ACT brings relief to Yushu earthquake survivors
Friday, April 30, 2010
Two weeks after the earthquake in China’s mountainous Qinghai Province, residents are still forced to spend nights outside, many of them sleeping directly on the ground with little bedding. The earthquake, in one of western China’s poorest regions, killed 2200 people and injured 12,000. Hundreds of others are missing. Rescue teams and relief efforts are hampered by thin air of 60% oxygen density, which is resulting in altitude sickness. There are also transport difficulties to the remote region.
ACT member Amity Foundation, coordinating with Chinese authorities, is continuing to distribute emergency relief, including quilts, food and water to help people survive in some of the worst-hit areas. The first delivery of relief materials has arrived in the township of Gyegu, the epicenter of the quake. On hearing the news of the delivery, residents came from different places and gathered at the distribution points. Among them were a number of Tibetan women with children on their back.
The people of the remote Yushu county continue to be accommodated in one of four designated shelter areas – a stadium, a forested area, a horse-racing track and an open area outside town – or living in the open air beside the remains of their houses. People live in emergency shelters they constructed using salvaged materials. Most families have received a little basic food and water assistance. The villagers have to walk three km to fetch water since the water supplies have been damaged.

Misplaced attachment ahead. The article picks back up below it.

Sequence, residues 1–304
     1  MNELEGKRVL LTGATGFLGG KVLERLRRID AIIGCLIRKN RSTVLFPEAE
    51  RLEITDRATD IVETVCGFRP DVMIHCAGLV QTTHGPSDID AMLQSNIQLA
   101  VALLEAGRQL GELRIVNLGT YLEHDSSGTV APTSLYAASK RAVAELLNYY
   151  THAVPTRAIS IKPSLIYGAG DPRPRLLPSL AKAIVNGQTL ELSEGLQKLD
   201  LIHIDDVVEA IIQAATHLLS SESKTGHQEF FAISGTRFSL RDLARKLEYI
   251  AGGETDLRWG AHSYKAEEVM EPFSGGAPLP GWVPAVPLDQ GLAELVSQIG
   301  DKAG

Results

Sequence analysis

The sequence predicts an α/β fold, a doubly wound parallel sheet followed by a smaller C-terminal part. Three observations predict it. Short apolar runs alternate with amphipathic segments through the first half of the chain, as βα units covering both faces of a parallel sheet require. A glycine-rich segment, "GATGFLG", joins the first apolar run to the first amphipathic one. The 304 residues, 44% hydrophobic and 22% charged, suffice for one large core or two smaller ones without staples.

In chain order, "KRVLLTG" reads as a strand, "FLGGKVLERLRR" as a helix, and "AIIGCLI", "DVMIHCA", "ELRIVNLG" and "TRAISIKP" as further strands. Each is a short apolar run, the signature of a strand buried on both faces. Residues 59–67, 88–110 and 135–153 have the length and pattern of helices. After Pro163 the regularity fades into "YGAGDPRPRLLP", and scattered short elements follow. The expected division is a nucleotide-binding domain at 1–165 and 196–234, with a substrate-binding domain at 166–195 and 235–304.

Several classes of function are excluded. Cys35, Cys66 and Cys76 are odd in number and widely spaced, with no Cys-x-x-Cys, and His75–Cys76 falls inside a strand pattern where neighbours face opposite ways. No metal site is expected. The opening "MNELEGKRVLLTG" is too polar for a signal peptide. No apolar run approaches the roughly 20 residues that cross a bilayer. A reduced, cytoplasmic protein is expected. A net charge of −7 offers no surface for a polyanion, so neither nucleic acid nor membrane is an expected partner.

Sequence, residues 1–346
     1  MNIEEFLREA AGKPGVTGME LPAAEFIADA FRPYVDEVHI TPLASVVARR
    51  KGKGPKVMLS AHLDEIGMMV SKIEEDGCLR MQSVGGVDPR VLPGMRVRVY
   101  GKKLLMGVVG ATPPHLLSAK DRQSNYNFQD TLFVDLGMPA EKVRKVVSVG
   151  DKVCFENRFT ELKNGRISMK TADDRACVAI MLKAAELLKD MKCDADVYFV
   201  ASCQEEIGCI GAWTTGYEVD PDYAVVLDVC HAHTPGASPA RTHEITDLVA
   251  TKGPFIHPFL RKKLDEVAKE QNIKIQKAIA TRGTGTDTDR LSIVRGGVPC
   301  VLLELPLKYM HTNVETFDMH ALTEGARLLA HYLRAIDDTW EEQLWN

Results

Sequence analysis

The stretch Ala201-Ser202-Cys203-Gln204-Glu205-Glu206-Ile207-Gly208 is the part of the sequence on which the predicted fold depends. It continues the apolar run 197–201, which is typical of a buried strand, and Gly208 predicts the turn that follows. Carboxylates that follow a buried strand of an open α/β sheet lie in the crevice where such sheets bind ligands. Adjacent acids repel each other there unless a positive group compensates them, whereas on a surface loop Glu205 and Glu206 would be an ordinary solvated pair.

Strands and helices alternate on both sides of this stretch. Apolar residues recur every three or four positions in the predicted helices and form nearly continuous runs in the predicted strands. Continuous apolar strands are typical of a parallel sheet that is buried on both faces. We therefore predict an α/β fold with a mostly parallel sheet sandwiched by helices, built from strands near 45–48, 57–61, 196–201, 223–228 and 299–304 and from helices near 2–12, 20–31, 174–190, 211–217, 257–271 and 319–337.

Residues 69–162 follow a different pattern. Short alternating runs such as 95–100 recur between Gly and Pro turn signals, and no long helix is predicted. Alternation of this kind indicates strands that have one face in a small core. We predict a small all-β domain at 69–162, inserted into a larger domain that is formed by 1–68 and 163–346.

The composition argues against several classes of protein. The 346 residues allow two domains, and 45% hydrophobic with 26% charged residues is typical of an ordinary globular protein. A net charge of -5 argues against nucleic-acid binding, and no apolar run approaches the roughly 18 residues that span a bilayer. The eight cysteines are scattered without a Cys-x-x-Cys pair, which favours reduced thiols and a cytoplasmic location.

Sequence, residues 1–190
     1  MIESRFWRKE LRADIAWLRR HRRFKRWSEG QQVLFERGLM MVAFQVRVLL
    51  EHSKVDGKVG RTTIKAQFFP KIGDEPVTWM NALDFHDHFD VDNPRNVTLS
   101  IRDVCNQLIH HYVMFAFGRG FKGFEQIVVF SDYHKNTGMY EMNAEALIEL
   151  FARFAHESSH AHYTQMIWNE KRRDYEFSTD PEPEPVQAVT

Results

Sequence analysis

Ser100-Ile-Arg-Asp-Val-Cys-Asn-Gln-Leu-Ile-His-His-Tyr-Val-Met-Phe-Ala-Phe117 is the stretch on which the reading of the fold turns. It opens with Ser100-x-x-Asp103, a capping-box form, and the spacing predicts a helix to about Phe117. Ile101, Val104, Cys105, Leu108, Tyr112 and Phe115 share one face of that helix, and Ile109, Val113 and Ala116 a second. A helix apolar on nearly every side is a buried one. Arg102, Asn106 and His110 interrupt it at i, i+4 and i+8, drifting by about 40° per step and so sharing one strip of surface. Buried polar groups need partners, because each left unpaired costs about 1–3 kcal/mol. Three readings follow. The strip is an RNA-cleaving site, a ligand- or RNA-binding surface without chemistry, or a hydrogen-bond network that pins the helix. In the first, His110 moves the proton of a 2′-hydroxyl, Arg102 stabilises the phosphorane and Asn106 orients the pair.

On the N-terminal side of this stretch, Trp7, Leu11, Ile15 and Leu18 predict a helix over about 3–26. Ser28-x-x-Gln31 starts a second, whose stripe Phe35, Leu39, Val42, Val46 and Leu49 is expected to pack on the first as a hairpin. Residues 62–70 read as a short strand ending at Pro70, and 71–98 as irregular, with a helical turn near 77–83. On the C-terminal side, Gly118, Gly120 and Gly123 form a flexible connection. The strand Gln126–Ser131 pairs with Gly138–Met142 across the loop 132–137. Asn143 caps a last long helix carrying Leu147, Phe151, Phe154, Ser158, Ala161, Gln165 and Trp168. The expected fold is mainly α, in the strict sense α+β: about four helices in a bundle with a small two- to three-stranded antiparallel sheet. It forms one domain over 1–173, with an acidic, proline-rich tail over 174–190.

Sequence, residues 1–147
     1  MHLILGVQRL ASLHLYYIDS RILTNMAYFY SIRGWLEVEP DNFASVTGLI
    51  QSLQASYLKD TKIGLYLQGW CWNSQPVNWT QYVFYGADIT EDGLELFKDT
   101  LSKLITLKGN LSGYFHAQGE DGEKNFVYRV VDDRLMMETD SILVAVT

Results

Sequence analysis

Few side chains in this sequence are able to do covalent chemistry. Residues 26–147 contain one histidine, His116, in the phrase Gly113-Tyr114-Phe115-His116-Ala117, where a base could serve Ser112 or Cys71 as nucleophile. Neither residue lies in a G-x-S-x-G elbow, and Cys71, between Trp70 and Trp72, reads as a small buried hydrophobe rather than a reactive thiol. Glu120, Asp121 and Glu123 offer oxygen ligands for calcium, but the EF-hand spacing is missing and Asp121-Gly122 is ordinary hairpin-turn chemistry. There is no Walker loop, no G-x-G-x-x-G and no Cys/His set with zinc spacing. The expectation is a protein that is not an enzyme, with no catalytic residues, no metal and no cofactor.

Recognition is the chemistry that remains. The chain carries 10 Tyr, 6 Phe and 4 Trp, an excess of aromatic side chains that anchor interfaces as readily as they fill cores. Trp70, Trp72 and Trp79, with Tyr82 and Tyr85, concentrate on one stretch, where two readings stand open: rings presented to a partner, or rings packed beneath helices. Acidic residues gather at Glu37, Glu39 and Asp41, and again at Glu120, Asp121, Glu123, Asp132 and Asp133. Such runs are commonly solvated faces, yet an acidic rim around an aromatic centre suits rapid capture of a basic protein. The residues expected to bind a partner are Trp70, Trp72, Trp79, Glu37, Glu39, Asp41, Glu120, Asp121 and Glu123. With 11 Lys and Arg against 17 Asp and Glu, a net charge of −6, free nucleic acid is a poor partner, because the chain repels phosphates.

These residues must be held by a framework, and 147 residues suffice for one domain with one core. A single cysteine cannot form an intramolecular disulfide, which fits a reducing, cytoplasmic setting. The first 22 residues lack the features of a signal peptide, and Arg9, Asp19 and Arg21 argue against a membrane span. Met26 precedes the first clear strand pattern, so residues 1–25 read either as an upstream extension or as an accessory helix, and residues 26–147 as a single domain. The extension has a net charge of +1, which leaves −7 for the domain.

Electric supply is cut
Lack of electricity continues to be a problem and Amity is planning to request support for solar-powered systems as part of the crisis phase response, especially for the poorest and most vulnerable households, schools and hospitals.
The Chinese government has mounted a strong relief operation, with a focus on search and rescue with the army, police and local people. But they too are hindered by the distances to deliver aid quickly.
Others bringing assistance include the Chinese Red Cross, local non-governmental organisations and private companies, and their assistance is also important to fill the gaps, explains He Wen.
He Wen said the people of the area were enduring temperatures as low as 17°C, and had little fuel or quilts for warmth. “It’s very, very cold, so people are just wearing heavy coats... we need quilts".
Before the earthquake Amity was well-known in the region, working with communities on bio-gas and solar energy projects for cooking and lighting.
More information on the ACT appeal for the Yushu earthquake can be downloaded from the Open Appeals page.